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Obama’s plans for ending the conflict

coteretAgreement now, peace later

Shimon Shiffer, Yediot, August 27 2010 [front-page]

The Obama administration intends to present Israel and the Palestinians with a new outline for ending the conflict.  Yedioth Ahronoth has learned that the Americans will pressure the sides to sign a framework agreement for a final status arrangement within a year — but the agreement would be only implemented within a number of years, apparently up to ten years at the most. The US administration intends to invest all possible efforts to ensure that the direct talks between Israel and the Palestinians, which will be officially launched next Thursday, will end in an agreement and not in a crisis, as happened in the previous rounds of negotiations.  Barack Obama, whose standing in the polls is at a low, very much wants to score a first success in the Middle Eastern arena — in light of the ongoing bloodbath in Iraq and Afghanistan.

For this purpose, the US president intends to become personally involved this time: Director of the Middle East department at the National Security Council Dan Shapiro told leaders of Jewish organizations in the US that Obama intends to visit Israel and the Palestinian Authority in the course of the coming year.  The US president wishes to take advantage of his visit to persuade both peoples to support painful compromises for peace.

A few days ago, the leaders of Jewish organizations in the US held a conference call with three of the most senior figures who set the administration’s Middle East policy.  The most senior of the three, Dennis Ross, has been a partner to all the talks between Israel and the Palestinians since the Oslo Accords.  Ross is currently considered Obama’s number one expert on Middle East affairs.  Alongside Ross, the participants of the conference call included Dan Shapiro and David Hale, deputy of special envoy George Mitchell.

Yedioth Ahronoth has obtained the summary of the minutes of the conference call, which were prepared by the White House.  The document provides a fascinating glimpse into the administration’s plans for the coming period.  According to the American plan, the negotiating teams of Israel and the PA will conduct intensive talks with the aim of reaching a framework agreement on a final status arrangement within a year.  The intensive talks will be held in isolated locations, so that the teams will be able to quietly discuss the core issues of the final status agreement: The future of Jerusalem, borders, settlements and refugees.  Binyamin Netanyahu and Abu Mazen will be called upon to meet frequently in order to resolve problems and move forward the stages of negotiations.At points in which the negotiations meet an impasse, senior administration officials will intervene in the talks and will present bridging proposals to the sides.  In addition, the US will try to persuade the moderate Arab states to make gestures towards Israel and influence the Palestinians to compromise.

At the end of the intensive year, the framework agreement for ending the conflict is supposed to be signed.  From that moment onward, the agreement will be implemented gradually over a number of years.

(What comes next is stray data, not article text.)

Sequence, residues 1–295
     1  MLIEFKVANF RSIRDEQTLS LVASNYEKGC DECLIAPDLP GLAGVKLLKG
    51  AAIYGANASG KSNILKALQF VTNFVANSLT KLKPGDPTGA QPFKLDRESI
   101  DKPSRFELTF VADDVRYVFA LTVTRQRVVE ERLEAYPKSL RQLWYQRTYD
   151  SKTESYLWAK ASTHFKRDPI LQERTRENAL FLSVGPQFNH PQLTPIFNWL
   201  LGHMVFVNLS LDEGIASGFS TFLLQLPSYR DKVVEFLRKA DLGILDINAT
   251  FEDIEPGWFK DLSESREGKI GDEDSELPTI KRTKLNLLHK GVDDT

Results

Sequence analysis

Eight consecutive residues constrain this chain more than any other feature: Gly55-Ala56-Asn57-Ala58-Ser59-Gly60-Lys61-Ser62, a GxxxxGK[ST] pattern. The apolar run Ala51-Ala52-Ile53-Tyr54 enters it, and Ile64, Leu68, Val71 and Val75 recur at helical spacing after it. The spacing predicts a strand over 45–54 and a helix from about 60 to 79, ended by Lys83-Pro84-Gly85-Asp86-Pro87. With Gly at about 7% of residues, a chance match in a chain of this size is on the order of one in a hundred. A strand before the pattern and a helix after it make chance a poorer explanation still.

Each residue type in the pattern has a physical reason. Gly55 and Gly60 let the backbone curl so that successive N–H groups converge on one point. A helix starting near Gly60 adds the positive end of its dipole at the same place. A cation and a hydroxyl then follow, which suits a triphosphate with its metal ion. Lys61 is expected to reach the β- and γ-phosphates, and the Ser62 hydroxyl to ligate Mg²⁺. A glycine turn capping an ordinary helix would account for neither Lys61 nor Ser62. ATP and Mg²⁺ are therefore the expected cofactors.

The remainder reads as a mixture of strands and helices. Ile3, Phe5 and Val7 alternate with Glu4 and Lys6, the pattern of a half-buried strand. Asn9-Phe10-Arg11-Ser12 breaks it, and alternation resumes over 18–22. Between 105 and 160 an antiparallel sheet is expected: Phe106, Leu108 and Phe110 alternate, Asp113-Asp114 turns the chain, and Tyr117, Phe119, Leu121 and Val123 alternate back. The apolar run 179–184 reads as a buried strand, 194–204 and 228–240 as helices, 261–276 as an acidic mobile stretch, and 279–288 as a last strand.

“Many people will try to sabotage the talks.  Our challenge will be to ensure their success,” Ross assessed.  “What can be learned from the mistakes that caused the previous attempts to resolve the conflict to fail,” the Jewish leaders asked.  “I have learned that a situation must not be accepted in which the sides speak one way inside the room and another way outside the room,” Ross replied.  In other words: The administration will not look kindly upon a situation in which the senior Israeli and Palestinian figures cast muck at each other outside the conference rooms.  “Is Netanyahu capable of reaching an agreement that will receive political support in Israel?” the Jewish leaders asked.  Hale replied that Netanyahu had assured [the administration] that he was capable of doing so.  “We consider him a strong partner who is committed to the process,” Hale said.

Senior political sources in Israel, however, reveal that Netanyahu has not yet prepared any firm position for the direct talks.  The government is still not in agreement on the outline for the final status arrangement — not to mention the issue of the construction freeze.  “Bibi will escape from Washington by the skin of his teeth,” a senior source in Jerusalem assessed.  Minister Dan Meridor, with Netanyahu’s knowledge, is trying to persuade Ross and Shapiro to consent to the outline he proposed for the end of the freeze period on September 26: The construction freeze would only continue in the isolated settlements, but construction would be renewed in settlement blocs that are expected to remain under Israeli sovereignty.  As of now, only one minister from the forum of seven supports this idea: Ehud Barak.

Foreign Minister Avigdor Lieberman believes that the Americans should be told that construction within the settlement blocs would continue without restrictions, whereas in the isolated settlements construction will be renewed according to the natural growth of the residents.  The Palestinians, for their part, have already clarified their demands for the start of the talks: Establishing a Palestinian state with East Jerusalem as its capital.  At the start of the talks, they will demand that Israel withdraw from territory in the northern Dead Sea as a gesture for the continuation of the negotiations.  The PA is expected to consent to a land swap with Israel: In exchange for giving up 3.9% of the area of the West Bank in which the settlement blocs are located, the Palestinians expect to receive land in the Negev.

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